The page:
Land-cover and land-use change and its contribution to the large-scale organization of Puerto Rico's bird assemblages


Correspondence: Miguel A. Acevedo, Department of Biology, University of Puerto Rico, PO Box 23360, San Juan, Puerto Rico 00931-3360. E-mail:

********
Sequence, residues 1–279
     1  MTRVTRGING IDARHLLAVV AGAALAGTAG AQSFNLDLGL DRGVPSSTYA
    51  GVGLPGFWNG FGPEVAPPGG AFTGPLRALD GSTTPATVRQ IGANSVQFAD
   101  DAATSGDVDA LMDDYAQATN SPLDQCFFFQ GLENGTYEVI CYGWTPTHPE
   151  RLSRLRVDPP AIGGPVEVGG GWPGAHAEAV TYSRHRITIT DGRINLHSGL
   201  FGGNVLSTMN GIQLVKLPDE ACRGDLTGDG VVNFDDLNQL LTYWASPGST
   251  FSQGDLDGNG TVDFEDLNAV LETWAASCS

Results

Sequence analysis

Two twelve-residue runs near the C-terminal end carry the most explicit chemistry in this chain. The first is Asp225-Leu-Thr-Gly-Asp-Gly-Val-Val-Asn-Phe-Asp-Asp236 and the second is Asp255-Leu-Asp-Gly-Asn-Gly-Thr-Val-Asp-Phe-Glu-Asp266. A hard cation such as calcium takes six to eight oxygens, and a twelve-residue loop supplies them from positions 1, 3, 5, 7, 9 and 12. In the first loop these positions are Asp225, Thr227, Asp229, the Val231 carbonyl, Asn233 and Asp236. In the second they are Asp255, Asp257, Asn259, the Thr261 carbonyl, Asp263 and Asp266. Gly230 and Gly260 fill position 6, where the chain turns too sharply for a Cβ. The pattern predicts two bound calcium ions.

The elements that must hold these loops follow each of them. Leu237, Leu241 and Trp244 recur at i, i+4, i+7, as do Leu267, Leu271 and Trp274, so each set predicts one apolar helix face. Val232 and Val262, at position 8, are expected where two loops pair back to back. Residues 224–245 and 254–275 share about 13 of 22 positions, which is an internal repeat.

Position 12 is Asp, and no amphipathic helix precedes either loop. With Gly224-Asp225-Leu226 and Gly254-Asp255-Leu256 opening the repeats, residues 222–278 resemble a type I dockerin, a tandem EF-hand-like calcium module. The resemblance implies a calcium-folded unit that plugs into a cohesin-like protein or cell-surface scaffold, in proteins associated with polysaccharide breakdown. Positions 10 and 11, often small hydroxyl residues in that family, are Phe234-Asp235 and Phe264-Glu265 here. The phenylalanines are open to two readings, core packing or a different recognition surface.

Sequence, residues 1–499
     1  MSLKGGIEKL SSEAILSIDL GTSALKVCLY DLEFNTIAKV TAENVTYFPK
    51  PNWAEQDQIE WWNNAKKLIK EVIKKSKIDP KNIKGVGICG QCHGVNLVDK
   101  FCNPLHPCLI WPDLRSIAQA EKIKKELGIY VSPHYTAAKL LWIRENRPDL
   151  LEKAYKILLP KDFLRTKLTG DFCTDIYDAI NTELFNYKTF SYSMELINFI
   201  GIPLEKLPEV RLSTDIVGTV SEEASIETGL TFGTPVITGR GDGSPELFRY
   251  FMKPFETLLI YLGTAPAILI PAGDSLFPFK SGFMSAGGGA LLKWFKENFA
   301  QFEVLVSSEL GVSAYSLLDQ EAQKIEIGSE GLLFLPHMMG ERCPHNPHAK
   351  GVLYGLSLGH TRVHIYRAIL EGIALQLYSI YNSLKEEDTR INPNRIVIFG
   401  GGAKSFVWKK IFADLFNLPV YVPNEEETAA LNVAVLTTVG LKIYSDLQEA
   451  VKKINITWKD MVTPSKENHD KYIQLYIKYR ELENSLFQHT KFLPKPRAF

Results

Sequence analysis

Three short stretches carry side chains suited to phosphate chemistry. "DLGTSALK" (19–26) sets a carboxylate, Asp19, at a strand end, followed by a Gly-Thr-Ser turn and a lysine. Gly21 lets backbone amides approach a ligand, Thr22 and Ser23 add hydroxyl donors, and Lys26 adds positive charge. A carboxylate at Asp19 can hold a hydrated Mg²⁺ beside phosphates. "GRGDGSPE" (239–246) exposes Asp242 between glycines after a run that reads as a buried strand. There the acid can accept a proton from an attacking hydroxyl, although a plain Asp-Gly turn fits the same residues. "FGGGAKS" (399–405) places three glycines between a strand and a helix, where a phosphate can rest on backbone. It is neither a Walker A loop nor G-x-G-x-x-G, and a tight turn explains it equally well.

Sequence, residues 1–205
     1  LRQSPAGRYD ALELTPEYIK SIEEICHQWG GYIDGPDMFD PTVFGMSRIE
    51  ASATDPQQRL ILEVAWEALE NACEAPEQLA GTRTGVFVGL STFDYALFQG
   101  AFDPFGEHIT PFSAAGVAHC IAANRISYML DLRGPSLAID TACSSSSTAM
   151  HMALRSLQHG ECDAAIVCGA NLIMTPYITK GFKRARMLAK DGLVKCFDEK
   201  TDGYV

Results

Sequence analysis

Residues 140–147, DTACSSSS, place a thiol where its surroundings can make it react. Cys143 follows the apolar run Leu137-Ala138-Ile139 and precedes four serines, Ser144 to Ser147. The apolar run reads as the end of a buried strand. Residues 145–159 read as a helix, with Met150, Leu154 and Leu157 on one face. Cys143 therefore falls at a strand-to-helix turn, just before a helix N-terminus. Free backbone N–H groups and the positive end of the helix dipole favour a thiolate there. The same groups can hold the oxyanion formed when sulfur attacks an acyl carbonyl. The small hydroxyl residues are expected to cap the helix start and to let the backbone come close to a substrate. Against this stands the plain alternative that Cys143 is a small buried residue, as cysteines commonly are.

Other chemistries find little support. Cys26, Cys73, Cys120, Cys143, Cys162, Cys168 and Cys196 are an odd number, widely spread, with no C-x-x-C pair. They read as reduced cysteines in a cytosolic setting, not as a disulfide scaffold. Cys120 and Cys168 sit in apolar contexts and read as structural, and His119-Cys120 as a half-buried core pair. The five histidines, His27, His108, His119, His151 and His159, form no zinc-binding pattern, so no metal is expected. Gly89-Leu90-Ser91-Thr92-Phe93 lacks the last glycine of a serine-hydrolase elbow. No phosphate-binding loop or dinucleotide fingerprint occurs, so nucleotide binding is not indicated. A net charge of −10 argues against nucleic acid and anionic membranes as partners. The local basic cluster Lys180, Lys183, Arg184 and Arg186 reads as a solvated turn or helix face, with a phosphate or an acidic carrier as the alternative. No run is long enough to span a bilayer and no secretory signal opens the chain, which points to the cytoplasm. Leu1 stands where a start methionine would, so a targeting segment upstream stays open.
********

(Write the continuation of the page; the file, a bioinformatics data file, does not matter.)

Global biodiversity is changing rapidly driven by human alteration of habitat, and nowhere this is more dramatic than in insular habitats. Yet land-cover change is a complex phenomenon that not only involves habitat destruction but also forest recovery over different time scales. Therefore, we might expect species to respond in diverse ways with likely consequences for the reorganization of regional assemblages. These changes, however, may be different in tropical islands because of their low species richness, generalist habits and high proportion of endemics. Here, we focus on the island of Puerto Rico and ask how island-wide changes in land cover and land use has influenced the large-scale organization of bird assemblages. To address this question, we combined in a Geographical Information System (GIS) the first 6 years (1997–2002) of the Puerto Rican Breeding Bird Survey (PR-BBS) with land-cover and land-use data extracted from a published digital map derived from the classification of Landsat images. A Non-metric Multidimensional Scaling (NMS) ordination based on the composition and abundance of birds, and percentage land-use types showed that land use followed by climate could explain most of the variation observed among routes in terms of species composition and abundance. Moreover, endemic and exotic species were widely distributed throughout the island, but the proportion of endemic species is higher in closed forests while exotic species are more abundant in open habitats. However, historical accounts from the early 1900s indicate that endemic species were distributed across the entire island. Today, most of the land cover transformation in Puerto Rico occurs in the lowlands which may explain the high abundance of endemic species in cloud forests and the high abundance of exotic species in open habitats in the lowlands.